15 Min in the morning and evening is all I need.

My day begins with a 15-minute meeting with myself that I have set up as a reoccurring meeting in my calendar.

During this time, I reflect on what is getting me excited, remind myself what the focus of the week is, and then set up personal and work focal targets for myself. I then remind myself what I need to do to accomplish these targets, like block off time on my calendar, take breaks, and schedule when I communicate with others.

A snapshot of my daily journal

My day ends with another pre-scheduled 15-minute meeting with myself.

I begin by reviewing my targets for the day. If I didn’t get to them, I would reflect on why. I also remind myself of my wins, the special moments, what I’m thankful for, and what I learned.

Again, this way of thinking isn’t something I do naturally, so using my journal quickly gets me into a more positive and reflective mode, even on the worst days.

Do I still have bad (really bad) days? Yup, quite often actually. That’s just what you get if you are an entrepreneur of any kind.
When those days happen, I force myself to come back to my journal, to center myself and to regain my focus and rekindle my passion.

The Innovator’s Journey

Over the years, I’ve come to realize that I’m not alone on this journey.

In fact, almost every “Innovator” I have met; whether a founder of a startup or an innovator working for an existing organization, have shared similar stories with me. You don’t have to be a founder of a startup to be considered an Innovator, you just need to share the same characteristics as one.

Addressing this is Important

  • 30% of all entrepreneurs experience depression, according to a study by Dr. Michael Freeman, a clinical professor at the University of California, San Francisco.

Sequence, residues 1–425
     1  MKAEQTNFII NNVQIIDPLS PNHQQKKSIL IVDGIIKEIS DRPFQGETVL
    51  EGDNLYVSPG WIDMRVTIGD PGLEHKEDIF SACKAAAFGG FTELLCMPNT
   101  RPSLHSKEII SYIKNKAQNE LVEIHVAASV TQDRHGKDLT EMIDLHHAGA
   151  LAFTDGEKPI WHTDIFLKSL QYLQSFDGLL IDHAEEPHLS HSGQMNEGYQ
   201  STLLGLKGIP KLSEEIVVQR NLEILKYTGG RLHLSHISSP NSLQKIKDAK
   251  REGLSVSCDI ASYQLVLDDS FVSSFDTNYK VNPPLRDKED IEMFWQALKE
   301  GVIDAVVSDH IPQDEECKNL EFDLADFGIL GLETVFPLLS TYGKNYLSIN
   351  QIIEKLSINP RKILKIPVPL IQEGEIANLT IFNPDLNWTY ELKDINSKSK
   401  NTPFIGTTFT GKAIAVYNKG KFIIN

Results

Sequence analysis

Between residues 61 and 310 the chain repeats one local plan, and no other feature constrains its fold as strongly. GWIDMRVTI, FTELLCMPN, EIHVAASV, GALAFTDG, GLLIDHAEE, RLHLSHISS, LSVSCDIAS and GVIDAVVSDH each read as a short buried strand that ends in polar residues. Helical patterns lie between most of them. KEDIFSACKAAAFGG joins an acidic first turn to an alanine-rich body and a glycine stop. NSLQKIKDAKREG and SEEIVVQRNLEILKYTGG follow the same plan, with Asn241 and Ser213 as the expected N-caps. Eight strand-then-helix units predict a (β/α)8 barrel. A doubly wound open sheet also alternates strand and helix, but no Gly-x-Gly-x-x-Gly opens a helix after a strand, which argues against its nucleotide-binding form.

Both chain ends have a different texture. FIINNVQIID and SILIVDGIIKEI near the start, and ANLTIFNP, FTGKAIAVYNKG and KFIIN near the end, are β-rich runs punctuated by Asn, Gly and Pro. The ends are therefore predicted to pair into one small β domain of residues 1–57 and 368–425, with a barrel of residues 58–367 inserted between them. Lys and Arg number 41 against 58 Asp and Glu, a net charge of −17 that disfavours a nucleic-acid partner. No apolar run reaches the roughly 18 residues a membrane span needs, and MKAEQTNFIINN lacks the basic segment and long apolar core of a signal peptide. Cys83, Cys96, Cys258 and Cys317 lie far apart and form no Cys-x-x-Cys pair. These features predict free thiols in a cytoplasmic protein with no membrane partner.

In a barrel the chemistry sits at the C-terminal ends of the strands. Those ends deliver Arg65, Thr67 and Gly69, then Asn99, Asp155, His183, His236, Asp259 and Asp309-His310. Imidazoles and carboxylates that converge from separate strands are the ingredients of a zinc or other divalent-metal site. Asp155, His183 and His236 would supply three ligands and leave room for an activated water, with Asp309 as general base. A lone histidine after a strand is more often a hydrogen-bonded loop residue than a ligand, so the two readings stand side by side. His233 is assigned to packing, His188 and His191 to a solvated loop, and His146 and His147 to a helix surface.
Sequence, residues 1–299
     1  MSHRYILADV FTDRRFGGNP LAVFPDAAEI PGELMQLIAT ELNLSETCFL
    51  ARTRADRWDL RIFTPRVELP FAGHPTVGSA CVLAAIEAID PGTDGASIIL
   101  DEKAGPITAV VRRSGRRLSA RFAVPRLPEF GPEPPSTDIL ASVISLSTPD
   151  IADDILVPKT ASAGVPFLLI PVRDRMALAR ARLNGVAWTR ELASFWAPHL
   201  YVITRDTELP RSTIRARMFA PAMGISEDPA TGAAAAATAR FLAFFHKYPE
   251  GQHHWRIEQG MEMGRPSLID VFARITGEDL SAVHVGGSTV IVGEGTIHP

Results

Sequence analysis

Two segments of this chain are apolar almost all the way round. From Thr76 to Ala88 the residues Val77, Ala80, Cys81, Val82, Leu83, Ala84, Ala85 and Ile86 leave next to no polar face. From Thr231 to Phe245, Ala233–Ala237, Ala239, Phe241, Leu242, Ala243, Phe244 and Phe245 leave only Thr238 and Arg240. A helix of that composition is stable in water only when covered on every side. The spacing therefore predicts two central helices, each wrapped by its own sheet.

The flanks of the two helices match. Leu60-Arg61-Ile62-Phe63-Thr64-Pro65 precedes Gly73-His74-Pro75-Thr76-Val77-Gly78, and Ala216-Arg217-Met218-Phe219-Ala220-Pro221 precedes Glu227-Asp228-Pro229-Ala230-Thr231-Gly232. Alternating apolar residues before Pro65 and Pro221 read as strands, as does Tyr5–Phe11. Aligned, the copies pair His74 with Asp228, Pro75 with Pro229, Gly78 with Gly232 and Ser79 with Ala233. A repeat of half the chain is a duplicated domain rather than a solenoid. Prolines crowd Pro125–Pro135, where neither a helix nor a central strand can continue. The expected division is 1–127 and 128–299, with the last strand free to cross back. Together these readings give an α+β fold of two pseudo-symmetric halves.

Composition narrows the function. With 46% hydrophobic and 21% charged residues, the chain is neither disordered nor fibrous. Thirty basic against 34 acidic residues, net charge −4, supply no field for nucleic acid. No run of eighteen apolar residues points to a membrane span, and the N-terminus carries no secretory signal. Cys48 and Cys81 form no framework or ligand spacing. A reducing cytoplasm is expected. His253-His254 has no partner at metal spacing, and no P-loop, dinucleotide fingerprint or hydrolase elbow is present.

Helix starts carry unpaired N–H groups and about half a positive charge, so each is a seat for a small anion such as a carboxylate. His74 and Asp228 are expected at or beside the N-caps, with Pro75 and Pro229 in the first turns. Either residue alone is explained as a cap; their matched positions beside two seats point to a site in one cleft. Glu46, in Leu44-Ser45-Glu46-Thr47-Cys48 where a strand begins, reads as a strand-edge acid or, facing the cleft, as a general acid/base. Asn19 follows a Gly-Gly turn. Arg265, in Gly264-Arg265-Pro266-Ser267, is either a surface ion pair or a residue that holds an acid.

• According to Fortune magazine, 13% of startups fail because their founders have lost focus, 9% fail because they’ve lost their passion, and 8% fail due to founder burnout.

This means that 30% of startups fail due to the emotional state of their founders! From personal experience, I think these numbers are actually too low.

Innovators like us are more prone to these issues because we’re more likely to neglect our health: our diets are often inadequate, we never get enough sleep, and many never make time for exercise and meaningful social engagement.

We must force ourselves to find a balance and focus.

I’m Sharing My Daily Focus Journal With You

For all of these reasons, I want to share my daily planner with all you Innovators out there.

> It’s a free download [here].

Let me know what you think. If it helps, great! If it doesn’t, let me know why not — perhaps I can share some additional tips and tricks that can help.

What’s Your Journey?

I’m really interested in hearing about your challenges as an Innovator. Please share a note, comment or a story. If you like this post, please help by sharing it and giving the post a few claps so it can reach more people.

You can also follow me on twitter @joelsemeniuk where I regularly discuss all things innovation, and more importantly, the personal costs we innovators bear.